FedEx Corp forecast on Thursday profit for the current quarter below analysts' expectations, raising concerns that the U.S. economy was not recovering as fast as had been expected, and sending its shares down more than 6 percent.

The company, a bellwether of U.S. economic strength because it relies on a strong economy for growth, also said on Thursday that its fiscal second-quarter earnings fell 30 percent compared with a year ago, which was in line with its announcement earlier in December.

The pre-announced earnings were better than the company's previous forecast, which buoyed expectations for a stronger and faster recovery of the U.S. economy.

The market had decided this meant the economy was going gangbusters. Then out comes the details. The economy is improving but it's still on shaky ground, so the stock is back to where it was before the pre-announcement, said Edward Jones analyst Dan Ortwerth.

Inventory restocking instead of true demand was behind much of the company's fiscal second-quarter results, Ortwerth said.

Restocking can be a sign of economic recovery, but it can also mean that inventories have run down so far that even if there is not enough demand companies must replenish inventory.

Knowing how much of shippers' volume is restocking, and how much is real demand in 2010 will reveal much about the state of the economy, Morningstar analyst Keith Schoonmaker said. FedEx said during the conference call that it would not have a sense of that until February at the earliest.

That's the critical thing that the whole industry, and industry in general, is going to be looking at. Is the recovery going to be steady or erratic? FedEx has taken costs out, but it's going to take improved demand before any of the shipper post sterling numbers, Schoonmaker said.

FedEx shares closed down 6.09 percent at $84.47 on the New York Stock Exchange. Shares hit their year high on Wednesday, when they reached $92.59.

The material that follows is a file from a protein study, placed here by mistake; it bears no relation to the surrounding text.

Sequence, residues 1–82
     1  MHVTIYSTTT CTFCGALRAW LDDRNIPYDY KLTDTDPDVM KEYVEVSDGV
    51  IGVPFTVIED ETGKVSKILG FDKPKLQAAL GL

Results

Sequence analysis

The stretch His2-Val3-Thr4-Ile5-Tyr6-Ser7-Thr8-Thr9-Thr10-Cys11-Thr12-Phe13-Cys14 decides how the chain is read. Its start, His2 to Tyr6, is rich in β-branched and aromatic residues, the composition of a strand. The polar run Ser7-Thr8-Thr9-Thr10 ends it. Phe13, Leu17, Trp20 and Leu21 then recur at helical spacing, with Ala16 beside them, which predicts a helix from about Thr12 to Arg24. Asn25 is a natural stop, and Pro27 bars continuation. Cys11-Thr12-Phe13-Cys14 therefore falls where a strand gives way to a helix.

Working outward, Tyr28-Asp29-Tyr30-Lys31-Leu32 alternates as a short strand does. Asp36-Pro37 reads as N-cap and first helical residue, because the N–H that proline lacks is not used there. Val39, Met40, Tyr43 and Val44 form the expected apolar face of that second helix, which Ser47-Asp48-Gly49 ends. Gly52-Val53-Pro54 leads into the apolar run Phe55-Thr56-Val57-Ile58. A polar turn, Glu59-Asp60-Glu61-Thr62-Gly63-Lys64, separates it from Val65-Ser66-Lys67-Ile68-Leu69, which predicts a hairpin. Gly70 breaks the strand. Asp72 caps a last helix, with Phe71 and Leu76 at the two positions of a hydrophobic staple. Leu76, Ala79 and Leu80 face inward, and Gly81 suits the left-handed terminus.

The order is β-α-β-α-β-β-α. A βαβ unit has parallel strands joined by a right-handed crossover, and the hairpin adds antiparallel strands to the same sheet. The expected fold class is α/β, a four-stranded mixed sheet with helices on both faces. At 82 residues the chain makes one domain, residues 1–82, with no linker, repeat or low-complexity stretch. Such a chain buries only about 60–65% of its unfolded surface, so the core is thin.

On Monday, its busiest day of the year, FedEx shipped 14.1 million packages, a million more than it had estimated. On that peak day of FedEx's peak week, the company's main hub in Memphis flew 150 planes, 12 more than normal, and handled 1.7 million packages in 3 and 1/2 hours.

A surge in free shipping incentives and online retailing also gave FedEx a boost.

But seasonal slowness follows the holidays, accounting for some of the gap between the company's forecast and Wall Street's expectations, Chief Financial Officer Alan Graf Jr. said during a conference call with analysts to discuss results for the quarter ended November 30. FedEx reported a profit of $1.10 per share compared with $1.58 in the same quarter last year.

For a graphic on the second quarter's results, click

FedEx said in a statement that it expects earnings for the fiscal third quarter of 50 cents to 70 cents a share and $3.45 to $3.75 per share for its full fiscal year 2010. Analysts' average forecast is for 84 cents per share for the third quarter and $3.46 for the year, according to Thomson Reuters I/B/E/S.

The company said its outlook reflected the current market outlook for fuel prices and a continued modest recovery in the global economy. FedEx earned 31 cents per share in last year's third quarter.

Schoonmaker said FedEx could still beat expectations for the year because seasonal slowness and an increase in expenses due to the reinstatement of compensation suspended during the recession were specific to the third quarter.


FedEx said that with an outlook for modestly improving economic conditions and business performance it would resume merit salary increases for calendar 2010 and a 50 percent resumption of the 401K company match for most U.S. employees. These programs were suspended a year ago.

The company said its second quarter results reflected expenses to accrue for expected payouts under its variable incentive compensation programs, designed to pay base incentives to most hourly, professional and manager-level employees prior to paying any amounts to senior managers. It said these costs were included in its earnings forecasts.

Our balance sheet is strong, volumes are growing, and we are encouraged by our performance as we emerge from the worst economic downturn in FedEx history, Graf said in the company's statement.

While there is some uncertainty regarding the sustainability of current demand trends after our peak shipping season, we expect our strong operating leverage to provide improved year-over-year profitability in the second half of our fiscal year. Effective cost management remains a priority and should continue to benefit results.

(Reporting by Helen Chernikoff; Editing by Toni Reinhold)